Sunday, February 1, 2015

Book Review: You Are Not Alone by Leah Carey

by M. J. Joachim

Mixed emotions flooded me as I read this book claiming to be pro-woman. In many ways, You Are Not Alone absolutely does affirm women as valid human beings, which in my mind states the obvious. Of course we are valid human beings! Duh! The fallacy that we are not is the basis for the book, a book written by women who have been hurt and are in various stages of healing from the pain of deep wounds they carry, many of which were inflicted by men or in some cases, women who bought society’s line that women are second-class citizens.

I’m not buying it! People are people regardless of gender, race, creed, political party association or anything else. Rape is not an assault against women based on their sexuality. It is a power play that can happen to anyone. Sexual predators are sexual predators whether they are raping women or men, molesting children or using sex as a weapon in any other way, shape or form.

I’ve never believed women were powerless or the lesser sex, so I’m not comfortable with the premise of this book. This book is opinionated and, when taken as a whole, full of feminist propaganda which ultimately serves its own agenda. That’s part of why my emotions are so torn.

Yes, women deserve and should rightfully be treated with respect. Yes, they shouldn’t live in fear or be stereotyped as the lesser sex. Yes, they should value and appreciate their bodies. Yes, everyone in society should strive to treat women better in society. (We should also strive to treat men and children better, respecting everyone and treating everyone with equal dignity.) In a perfect world, but our world is not perfect.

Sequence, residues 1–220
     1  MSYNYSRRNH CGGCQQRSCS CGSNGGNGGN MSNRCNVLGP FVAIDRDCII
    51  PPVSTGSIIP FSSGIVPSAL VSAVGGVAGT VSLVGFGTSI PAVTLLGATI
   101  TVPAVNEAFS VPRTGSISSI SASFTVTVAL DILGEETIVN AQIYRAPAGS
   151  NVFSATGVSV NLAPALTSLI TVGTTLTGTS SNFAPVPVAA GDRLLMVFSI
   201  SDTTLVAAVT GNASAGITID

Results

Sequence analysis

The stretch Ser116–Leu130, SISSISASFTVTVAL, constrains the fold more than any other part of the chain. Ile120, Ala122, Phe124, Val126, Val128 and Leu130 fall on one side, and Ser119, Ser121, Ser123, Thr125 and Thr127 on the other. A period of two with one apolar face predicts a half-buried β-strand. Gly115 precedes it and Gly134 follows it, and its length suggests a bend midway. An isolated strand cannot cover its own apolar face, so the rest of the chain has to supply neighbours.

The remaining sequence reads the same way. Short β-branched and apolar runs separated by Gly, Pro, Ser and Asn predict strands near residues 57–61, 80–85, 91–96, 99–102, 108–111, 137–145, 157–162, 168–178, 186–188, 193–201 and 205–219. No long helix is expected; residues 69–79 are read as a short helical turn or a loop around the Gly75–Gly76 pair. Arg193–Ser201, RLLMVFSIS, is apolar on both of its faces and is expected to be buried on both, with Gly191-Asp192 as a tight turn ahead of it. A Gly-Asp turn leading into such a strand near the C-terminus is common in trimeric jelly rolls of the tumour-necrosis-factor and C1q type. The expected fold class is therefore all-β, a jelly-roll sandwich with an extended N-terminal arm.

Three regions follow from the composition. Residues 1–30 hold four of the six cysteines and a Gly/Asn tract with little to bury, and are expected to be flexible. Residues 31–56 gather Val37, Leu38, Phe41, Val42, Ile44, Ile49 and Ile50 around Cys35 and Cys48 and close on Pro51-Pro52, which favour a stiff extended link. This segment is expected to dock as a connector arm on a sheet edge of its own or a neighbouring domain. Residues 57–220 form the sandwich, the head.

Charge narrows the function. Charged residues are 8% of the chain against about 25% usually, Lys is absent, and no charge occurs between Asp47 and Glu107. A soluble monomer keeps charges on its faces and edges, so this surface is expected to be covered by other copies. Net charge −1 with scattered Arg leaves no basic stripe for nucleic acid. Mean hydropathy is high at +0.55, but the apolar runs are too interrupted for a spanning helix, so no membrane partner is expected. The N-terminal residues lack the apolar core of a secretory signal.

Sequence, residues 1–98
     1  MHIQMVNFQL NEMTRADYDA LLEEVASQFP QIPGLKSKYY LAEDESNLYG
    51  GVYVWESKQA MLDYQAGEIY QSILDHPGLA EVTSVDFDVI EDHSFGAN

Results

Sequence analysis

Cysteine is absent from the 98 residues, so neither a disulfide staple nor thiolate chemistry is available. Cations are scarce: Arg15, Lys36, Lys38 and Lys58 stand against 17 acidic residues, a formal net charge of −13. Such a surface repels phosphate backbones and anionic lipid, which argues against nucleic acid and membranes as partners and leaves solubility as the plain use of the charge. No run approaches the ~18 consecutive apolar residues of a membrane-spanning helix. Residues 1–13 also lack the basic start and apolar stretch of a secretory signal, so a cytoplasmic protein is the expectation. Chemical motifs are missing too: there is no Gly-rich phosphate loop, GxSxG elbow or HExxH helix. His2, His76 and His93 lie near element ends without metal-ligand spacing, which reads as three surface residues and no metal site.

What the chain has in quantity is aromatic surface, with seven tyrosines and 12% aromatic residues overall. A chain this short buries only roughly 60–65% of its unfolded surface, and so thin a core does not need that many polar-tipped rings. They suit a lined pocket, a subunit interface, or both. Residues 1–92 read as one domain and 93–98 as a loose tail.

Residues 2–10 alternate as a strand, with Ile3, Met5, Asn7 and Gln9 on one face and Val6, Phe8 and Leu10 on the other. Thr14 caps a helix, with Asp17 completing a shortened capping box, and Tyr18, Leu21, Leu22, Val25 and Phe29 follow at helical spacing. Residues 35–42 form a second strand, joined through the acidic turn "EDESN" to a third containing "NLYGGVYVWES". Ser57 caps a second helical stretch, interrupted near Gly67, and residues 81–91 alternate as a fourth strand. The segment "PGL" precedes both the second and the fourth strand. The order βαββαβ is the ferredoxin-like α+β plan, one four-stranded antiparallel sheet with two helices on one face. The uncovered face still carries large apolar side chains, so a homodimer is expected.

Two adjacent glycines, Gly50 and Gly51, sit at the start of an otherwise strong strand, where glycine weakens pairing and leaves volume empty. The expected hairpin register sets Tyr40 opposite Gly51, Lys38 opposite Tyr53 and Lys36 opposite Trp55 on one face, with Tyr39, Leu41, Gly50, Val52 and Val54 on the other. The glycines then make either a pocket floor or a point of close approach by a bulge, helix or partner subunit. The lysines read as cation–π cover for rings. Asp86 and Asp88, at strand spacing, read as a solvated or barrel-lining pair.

I’ve never bought into the concept that entire groups of people are responsible for the ills of society, another fallacy clearly expressed in this book. Individuals are responsible for individual behavior, in my opinion, though I do believe in group-think mentality and realize that when people of like minds and behaviors get together, their message and actions can become undesirable and even harmful if not checked and balanced with appropriate measures. On the same token, I believe large groups of people can also work together to bring about phenomenal positive changes in our world.

It appears to me that this book was written not only by broken women, but also by a few bitter women who turned their pain into anger and resentment toward society. No one escapes being hurt in this life. It’s how we deal with our pain and wounds that defines us. So much of this book was spent explaining its mission to empower women, raise awareness about injustices against women and help women. I felt defeated as a woman when reading this book. I felt like we are living back in the stone ages, where women are still trying to overcome being objects and owned by men. I wanted to scream, “Look at us now, for crying out loud! Look at us now!”

This book defies its title and premise. It’s a book written with an agenda that clearly misses its stated objective. It’s a pity party on a mission to make men feel guilty and women live in the past. Yes, I believe in women, but this book does not promote them fairly in my opinion. It promotes a misguided notion that women have to fight to be who they are rightfully born to be, and that is a concept I find all too disturbing.

Thanks for visiting Writing Tips today. I do hope you’ll weigh in on this conversation in the comments.

M. J.

©2015 All Rights Reserved   Photo credit:  Oppression, Isabella Quintana, Public Domain